Aug 21

Schonbrunn Palace (Palatul Schonbrunn)

Vienna definitely has a lot to offer to the wandering tourist, interested in exploring the world, or at least a small segment of it, and in enticing the eye with wonderful monuments and the mind with the impressive historical facts, stories or legends that revolve around the respective touristic attraction.

One of the places which are worth visiting in Vienna is Schonbrunn Pallace, a beautiful edifice, emblem of the Rococo architectural style. Since the second half of the 20th century, from the 1960s onward, the construction has been recognized as the important cultural monument it is and the one of the main tourist attractions in the Austrian capital city.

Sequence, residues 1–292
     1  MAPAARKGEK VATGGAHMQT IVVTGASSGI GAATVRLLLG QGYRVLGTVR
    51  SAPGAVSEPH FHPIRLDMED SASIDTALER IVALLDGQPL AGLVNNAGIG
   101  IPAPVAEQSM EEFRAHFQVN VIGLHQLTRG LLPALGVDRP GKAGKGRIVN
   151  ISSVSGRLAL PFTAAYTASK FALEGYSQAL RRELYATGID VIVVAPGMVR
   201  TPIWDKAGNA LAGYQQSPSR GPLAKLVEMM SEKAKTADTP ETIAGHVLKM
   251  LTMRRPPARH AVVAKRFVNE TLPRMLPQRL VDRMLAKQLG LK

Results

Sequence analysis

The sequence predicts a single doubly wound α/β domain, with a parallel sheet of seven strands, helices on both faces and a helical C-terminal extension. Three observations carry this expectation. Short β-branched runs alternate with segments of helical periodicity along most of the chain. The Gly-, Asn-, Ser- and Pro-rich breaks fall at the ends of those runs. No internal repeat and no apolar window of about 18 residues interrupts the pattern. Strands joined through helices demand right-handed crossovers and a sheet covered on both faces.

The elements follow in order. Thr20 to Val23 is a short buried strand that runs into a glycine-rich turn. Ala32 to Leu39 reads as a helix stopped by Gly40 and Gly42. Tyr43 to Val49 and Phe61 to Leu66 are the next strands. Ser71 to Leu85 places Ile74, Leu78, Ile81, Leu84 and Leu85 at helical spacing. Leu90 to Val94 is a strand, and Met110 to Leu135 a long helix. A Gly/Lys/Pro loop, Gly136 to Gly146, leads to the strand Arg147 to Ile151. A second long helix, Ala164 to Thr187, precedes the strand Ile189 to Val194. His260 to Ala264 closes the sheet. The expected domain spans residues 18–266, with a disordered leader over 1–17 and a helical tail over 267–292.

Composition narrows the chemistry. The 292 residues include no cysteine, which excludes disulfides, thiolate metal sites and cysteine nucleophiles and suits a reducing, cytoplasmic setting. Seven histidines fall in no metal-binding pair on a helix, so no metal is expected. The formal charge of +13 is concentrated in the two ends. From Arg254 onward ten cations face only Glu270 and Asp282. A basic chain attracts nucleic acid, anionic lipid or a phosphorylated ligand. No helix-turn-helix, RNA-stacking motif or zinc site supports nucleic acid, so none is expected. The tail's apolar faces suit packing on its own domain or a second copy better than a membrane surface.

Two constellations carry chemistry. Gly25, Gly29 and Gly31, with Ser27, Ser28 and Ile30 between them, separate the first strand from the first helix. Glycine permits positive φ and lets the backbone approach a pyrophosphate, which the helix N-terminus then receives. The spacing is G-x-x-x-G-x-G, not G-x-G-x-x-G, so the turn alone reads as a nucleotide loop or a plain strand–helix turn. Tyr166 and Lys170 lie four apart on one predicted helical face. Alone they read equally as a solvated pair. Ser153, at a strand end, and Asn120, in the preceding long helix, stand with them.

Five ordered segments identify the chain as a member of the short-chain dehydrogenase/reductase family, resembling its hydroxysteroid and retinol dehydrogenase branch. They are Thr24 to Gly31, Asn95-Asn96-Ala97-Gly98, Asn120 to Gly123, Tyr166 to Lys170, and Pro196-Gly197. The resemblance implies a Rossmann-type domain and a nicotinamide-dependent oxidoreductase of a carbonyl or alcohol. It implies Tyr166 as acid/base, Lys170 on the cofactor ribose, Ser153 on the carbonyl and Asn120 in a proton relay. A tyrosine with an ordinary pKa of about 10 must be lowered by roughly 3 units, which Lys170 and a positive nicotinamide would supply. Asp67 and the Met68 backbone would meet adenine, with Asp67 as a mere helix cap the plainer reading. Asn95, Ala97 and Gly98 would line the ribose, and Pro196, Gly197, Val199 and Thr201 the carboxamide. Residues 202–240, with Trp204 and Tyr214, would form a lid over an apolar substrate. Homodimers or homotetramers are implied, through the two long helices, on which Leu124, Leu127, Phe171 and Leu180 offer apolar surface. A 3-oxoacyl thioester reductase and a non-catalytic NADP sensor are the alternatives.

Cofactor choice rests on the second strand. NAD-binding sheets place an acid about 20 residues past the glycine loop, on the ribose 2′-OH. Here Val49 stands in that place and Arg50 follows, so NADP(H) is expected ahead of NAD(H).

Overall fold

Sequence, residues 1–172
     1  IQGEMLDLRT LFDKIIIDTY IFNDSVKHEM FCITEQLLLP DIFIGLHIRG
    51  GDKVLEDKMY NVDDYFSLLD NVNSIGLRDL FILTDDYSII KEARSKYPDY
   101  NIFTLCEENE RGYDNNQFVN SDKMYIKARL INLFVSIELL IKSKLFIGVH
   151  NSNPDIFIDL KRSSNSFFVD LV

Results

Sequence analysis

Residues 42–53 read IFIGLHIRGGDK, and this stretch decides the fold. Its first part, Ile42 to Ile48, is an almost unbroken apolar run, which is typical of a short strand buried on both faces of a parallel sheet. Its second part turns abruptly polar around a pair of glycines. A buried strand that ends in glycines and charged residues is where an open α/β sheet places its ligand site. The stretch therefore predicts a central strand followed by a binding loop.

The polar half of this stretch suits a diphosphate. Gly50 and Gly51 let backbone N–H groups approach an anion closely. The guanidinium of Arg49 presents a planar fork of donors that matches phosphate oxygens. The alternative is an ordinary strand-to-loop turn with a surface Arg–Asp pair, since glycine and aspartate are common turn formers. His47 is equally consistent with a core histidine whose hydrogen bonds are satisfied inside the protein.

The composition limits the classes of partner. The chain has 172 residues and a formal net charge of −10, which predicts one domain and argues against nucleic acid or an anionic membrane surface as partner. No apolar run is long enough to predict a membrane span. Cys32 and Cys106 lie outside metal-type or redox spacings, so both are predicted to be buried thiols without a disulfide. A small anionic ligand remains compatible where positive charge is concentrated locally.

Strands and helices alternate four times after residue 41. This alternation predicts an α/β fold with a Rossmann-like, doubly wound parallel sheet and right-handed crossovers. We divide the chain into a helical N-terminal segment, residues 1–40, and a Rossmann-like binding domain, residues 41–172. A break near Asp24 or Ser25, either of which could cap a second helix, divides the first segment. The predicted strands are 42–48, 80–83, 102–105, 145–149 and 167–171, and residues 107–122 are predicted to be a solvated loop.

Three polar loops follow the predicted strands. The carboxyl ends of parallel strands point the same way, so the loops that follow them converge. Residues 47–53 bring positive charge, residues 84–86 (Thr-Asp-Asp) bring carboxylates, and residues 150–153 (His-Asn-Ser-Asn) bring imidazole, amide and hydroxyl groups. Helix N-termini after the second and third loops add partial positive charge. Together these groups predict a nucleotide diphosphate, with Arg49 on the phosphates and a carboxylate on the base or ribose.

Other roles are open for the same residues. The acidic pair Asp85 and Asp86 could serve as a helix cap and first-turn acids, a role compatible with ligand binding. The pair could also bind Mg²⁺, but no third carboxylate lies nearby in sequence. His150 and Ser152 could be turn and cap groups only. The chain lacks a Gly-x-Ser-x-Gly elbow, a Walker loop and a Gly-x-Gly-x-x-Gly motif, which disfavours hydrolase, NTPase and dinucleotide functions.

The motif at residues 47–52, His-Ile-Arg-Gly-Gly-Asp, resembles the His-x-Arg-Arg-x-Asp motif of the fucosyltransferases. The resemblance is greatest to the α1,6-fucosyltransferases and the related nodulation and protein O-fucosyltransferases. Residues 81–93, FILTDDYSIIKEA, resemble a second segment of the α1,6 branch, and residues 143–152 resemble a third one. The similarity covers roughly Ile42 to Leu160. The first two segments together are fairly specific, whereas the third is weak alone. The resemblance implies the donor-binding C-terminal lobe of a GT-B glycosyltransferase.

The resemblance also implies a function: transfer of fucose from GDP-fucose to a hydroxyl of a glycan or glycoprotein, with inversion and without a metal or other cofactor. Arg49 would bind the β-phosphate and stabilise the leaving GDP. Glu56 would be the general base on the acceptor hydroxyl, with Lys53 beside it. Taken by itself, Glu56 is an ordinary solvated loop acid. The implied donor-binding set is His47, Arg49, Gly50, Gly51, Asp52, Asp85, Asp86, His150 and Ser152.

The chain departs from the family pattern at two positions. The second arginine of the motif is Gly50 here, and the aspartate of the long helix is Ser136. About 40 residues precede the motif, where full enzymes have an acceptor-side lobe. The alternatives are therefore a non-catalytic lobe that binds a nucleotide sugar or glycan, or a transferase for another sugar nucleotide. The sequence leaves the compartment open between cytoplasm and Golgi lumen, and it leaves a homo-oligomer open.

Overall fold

Not only is the palace an impressive construction which clearly emphasizes the tasteful sense for architecture and style shared by the successive monarchs from the Habsburg dynasty that owned the palace, but there are also the surrounding gardens which should be mentioned. These exude taste and richness, also alluding to the ambitions of their owners through the specific arrangement followed in their creation.

The domain was initially used as a hunting ground for the court and the Roman Emperor in power, Maximilian II, also ordered that a mansion be constructed on the premises. The present name attached to the palace was originally used to describe the artisanal well which supplied the court with the necessary water. Schonbrunn is actually translated as “beautiful spring.”


It was under Eleonora Gonzaga, the wife of Ferdinand II, that the palace was erected. She had decided to retreat to this place after the demise of her husband and had given order for the imperial building to be erected – this occurred between 1638 and 1643.